- Fish sauce - Good fish sauce is perhaps the most important thing for flavour. For more info, here's my guide to fish sauce. If you're vegetarian, check out my vegan pad thai recipe.
FOR THE PAD THAI:
- Dried shrimp - Can be omitted if not available or allergic.
- Pressed tofu (pic below) - Sometimes labeled as bean curd, this is the firmest of all tofu. Extra firm tofu can be substituted, but if you feel like they might break in the wok, pan-frying them first will firm up the exterior and prevent breaking.
- Sweet preserved radish (chai po waan, pic below) - Can be omitted if not available. These sweet-salty chewy bits of preserved daikon is always added to pad thai in Thailand. You'll likely need to go to a specifically Thai grocery store to find these, and it may come whole or pre-chopped. Japanese sweet preserved daikon, takuan, makes for a decent substitute and is much easier to find. Note that there is also a salty Thai preserved radish, which cannot be used instead.
- Chili flakes - Optional but recommended. Pad thai is really much better when it's a little bit spicy!
- Roasted peanuts
- Rice noodles - I recommend Erawan Brand size medium (pic below) which is the traditional size used in Thailand. If using a different brand, you might need to adjust the amount of water and soaking time.
- Bean sprouts - Go for mung bean sprouts, not soybean sprouts.
- Garlic chives - If you can't find these at your regular Asian store, try looking at Japanese or Korean markets also. You can substitute green onions but the two really do taste different. If using green onions, finely chop them as they have a much stronger taste than garlic chives.
- Lime wedge for serving.
Pro Tip: Emergency Noodle Soaking
Medium size Erawan Brand dry rice noodles take about 1 hour to soak in room temperature water. Brands that are thinner, such as Thai Kitchen, will take less time, but the final texture won't be as good. You can use warm water to lessen the time required, but keep an eye on them and drain the noodles once they become opaque white and completely pliable (i.e. they don't resist gravity at all.) Don't over-soak.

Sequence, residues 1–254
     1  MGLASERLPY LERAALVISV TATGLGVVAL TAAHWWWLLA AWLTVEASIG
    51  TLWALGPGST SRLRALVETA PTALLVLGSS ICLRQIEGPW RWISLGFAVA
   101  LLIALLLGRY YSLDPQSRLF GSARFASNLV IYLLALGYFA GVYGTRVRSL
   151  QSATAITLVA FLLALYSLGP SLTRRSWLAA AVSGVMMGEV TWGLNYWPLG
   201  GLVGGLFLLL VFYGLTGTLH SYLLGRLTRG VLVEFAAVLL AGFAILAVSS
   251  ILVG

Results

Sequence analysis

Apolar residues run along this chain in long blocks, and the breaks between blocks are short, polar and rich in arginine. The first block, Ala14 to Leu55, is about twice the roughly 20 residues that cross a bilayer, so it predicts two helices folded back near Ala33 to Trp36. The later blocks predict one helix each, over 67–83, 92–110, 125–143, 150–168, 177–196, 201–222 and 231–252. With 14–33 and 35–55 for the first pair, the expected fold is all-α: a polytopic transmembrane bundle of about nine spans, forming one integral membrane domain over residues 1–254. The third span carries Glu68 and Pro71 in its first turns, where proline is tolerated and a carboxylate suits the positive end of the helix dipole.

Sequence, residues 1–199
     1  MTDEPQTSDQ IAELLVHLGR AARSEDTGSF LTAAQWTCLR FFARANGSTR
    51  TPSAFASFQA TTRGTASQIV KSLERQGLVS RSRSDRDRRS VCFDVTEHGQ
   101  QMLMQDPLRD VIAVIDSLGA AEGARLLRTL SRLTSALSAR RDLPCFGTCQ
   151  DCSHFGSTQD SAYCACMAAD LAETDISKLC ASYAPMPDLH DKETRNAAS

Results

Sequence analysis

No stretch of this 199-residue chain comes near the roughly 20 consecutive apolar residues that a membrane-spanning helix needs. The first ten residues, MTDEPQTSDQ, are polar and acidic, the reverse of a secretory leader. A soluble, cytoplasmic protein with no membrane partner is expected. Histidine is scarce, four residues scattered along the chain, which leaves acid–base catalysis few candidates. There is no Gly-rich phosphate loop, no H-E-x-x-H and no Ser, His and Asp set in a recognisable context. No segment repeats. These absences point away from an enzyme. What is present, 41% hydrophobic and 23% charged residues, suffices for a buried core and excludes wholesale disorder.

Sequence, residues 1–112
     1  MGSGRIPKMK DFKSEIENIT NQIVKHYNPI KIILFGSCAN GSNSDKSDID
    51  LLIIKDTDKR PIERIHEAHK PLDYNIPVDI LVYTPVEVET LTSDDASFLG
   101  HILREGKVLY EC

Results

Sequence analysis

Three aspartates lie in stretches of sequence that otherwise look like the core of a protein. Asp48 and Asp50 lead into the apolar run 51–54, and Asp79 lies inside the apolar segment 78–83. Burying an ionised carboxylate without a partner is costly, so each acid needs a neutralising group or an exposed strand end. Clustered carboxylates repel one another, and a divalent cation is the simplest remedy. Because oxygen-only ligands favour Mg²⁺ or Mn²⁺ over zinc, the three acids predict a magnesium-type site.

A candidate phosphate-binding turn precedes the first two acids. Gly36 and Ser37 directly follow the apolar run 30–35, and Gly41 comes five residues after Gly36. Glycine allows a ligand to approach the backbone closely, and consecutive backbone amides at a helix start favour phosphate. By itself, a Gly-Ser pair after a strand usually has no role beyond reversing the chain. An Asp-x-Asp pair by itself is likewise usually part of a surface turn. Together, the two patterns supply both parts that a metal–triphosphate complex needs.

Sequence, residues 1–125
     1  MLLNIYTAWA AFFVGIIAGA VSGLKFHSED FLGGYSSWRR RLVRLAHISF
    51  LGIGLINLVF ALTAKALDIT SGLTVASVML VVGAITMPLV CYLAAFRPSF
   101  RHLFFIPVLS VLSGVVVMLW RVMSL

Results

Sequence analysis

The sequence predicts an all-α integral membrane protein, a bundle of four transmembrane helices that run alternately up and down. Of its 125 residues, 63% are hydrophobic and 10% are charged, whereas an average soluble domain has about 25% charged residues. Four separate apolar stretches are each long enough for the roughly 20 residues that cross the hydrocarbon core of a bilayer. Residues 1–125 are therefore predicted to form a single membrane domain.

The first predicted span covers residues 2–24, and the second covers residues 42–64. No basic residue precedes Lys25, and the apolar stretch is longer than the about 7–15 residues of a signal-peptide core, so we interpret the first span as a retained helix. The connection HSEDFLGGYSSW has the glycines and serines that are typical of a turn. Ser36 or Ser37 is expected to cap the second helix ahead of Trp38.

If you're about to cook and forgot to soak them, don't panic! They can be soaked in 3 minutes in hot off-the-boil water, but it's a bit risky so I try to avoid this. Too long in hot water and they will become too soft, so you MUST time it and place them in cold water immediately after.
How to Make Pad Thai
I highly recommend watching the full video tutorial to ensure success, but here's a bird's eye view of what you need to do:
- To make the sauce, melt and caramelize the palm sugar.
- Add water to stop the caramelization.
- Add fish sauce and tamarind and bring to a simmer.
- Off heat and let it sit until the sugar is completely dissolved.
- Cook off the shrimp (or any other protein you're using). Remove from pan.
- Saute shallots, garlic, tofu, dried shrimp, preserved radish, and chili flakes.
- Add the soaked noodles.
- Add the sauce.
- Toss until the noodles have absorbed all the sauce.
- Push the noodles to one side and add the eggs to the space you've made and break the yolks.
- Put the noodles on top of the eggs and let it cook for 15-30 seconds.
- Flip and toss to mix.
- Add the peanuts, bean sprouts and garlic chives.